For logging, i used simple table having user id, level (to indentify engineering persons and h/w persons) and password. Based on the levels, they are able to see certain fields. For example, engineering person will be able to see few fields of EBOM and he can enter/update only values to those fields and h/w people some other fields. As Theodore suggested, may be i might have used role based authentication rather than maintaining simple table.

The s/w product is 80% ready & working. Most of the features are ready. After demonstrating that application to the company, company felt a threat to their data as it's is internet based application and can easily attached by hackers. Here i didn't know how to convince them. So they went for a small ERP application for their requirement. The catch is, that product doesn't have the feature of ECN (Engineering change Note). So the company's h/w team didn't use that s/w for their material resource planning. Now the CEO is re-considering the application developed by me only to manage their material resources.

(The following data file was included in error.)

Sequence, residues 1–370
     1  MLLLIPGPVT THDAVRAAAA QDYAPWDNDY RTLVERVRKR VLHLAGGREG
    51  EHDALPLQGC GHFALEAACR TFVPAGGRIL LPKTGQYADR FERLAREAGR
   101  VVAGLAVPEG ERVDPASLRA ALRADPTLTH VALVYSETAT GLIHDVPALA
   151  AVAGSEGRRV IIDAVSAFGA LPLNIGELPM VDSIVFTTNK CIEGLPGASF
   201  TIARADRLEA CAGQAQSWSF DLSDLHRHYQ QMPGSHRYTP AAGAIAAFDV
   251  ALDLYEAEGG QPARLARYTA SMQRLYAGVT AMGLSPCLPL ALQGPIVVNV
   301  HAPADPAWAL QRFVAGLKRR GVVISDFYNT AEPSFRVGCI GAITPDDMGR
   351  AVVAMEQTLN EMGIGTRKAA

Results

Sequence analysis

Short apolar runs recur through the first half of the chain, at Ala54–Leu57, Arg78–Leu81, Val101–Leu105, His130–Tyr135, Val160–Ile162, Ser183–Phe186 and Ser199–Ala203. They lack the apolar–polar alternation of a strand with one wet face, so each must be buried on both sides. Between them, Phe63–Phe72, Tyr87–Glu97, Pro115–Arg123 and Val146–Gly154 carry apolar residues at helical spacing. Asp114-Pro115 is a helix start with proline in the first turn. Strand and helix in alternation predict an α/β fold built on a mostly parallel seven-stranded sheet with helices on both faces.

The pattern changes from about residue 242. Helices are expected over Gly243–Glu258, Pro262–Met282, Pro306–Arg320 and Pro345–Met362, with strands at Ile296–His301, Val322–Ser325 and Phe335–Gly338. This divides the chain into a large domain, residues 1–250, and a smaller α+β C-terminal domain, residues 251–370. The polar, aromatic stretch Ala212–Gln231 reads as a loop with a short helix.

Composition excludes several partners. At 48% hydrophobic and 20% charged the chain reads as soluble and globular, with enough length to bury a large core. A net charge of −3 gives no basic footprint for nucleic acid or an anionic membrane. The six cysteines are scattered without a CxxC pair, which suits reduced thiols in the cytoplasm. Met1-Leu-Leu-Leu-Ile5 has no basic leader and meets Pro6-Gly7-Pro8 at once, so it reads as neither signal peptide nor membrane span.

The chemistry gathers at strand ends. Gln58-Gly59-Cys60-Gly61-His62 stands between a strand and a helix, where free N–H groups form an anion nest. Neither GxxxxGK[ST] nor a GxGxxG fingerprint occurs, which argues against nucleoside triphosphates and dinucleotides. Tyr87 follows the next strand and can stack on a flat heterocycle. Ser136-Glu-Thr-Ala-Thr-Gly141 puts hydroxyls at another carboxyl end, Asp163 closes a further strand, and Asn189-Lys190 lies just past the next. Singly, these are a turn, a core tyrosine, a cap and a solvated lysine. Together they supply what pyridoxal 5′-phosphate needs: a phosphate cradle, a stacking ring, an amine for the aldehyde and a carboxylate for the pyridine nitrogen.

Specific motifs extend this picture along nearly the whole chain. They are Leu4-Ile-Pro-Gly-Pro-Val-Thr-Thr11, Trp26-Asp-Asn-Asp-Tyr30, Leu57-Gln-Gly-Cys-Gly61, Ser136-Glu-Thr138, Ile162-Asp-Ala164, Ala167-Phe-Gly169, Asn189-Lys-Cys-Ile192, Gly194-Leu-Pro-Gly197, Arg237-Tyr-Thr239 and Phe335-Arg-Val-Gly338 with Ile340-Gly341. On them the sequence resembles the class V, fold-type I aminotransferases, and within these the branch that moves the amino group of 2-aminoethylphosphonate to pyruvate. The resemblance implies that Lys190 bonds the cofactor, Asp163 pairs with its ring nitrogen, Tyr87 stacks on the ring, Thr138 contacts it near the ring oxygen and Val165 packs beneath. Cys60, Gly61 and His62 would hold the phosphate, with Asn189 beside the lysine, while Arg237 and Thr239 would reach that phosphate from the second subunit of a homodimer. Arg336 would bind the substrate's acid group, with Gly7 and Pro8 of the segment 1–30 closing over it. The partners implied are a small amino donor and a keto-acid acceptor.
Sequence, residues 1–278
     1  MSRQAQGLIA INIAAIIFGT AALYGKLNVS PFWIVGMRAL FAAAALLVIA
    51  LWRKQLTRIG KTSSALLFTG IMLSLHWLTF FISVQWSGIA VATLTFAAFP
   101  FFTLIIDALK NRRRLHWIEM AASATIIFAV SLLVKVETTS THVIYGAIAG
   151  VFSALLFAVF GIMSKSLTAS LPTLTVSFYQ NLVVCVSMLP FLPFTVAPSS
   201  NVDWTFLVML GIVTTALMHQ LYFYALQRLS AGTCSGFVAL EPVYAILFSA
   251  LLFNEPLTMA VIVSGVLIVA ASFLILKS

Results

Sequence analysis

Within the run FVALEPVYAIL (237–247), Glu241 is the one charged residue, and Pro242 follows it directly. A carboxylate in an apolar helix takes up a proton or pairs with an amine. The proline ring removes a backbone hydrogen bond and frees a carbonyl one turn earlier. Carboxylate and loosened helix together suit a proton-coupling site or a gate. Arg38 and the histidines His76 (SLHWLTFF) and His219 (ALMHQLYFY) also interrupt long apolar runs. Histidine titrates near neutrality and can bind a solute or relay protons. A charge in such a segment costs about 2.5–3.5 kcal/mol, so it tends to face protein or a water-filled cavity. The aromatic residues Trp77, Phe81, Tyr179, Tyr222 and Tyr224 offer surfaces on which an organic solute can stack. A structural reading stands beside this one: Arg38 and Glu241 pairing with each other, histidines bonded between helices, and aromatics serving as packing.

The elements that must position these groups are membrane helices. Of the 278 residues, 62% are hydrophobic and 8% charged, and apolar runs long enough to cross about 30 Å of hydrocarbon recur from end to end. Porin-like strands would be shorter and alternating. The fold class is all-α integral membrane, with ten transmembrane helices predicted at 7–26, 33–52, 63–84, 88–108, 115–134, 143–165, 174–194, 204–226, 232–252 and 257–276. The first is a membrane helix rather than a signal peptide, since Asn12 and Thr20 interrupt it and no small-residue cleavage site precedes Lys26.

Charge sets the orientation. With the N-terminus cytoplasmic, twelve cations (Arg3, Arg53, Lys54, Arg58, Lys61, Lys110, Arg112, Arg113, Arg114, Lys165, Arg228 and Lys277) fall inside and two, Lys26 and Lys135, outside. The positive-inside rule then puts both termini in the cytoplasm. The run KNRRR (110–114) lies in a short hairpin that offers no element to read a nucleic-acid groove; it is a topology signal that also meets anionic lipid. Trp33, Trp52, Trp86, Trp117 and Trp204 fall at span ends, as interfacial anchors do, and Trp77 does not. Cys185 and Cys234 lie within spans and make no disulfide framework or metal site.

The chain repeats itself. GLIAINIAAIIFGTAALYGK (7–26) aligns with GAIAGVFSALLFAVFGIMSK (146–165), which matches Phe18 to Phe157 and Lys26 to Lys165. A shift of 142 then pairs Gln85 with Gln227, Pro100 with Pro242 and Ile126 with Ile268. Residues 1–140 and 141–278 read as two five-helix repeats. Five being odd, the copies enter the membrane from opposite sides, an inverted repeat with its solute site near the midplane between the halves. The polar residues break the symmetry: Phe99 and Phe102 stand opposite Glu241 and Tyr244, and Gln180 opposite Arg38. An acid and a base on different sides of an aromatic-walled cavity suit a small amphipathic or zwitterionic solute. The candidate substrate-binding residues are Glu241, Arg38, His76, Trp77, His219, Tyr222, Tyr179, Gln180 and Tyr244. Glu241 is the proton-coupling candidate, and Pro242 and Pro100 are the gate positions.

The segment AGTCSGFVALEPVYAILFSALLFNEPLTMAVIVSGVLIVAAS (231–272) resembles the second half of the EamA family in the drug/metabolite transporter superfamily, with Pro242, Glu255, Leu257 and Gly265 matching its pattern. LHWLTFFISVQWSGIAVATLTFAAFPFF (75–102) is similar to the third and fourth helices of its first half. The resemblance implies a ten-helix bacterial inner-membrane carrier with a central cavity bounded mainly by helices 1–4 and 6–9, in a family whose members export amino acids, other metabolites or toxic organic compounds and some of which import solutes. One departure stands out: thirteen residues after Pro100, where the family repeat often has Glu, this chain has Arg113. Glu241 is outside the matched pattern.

As against to this requirement, how can i avoid some pit falls in the current design and how to implement it in a better way this time? I never used controllers / servlets. Just simple JSPs and HTML and some java classes for connecting to the database.

I can even publish my application over the net. Whoever is interested, can run through the application and suggest UI related changes and other changes that makes the user easier to use the application.

Hope i'm not mis-using this forum. If so, pls highlight. I will stop explaining my design.

Thanks to everyone whoever is contributing to the design of this project.
I agree. Here's the link:
subject: How to become a good architect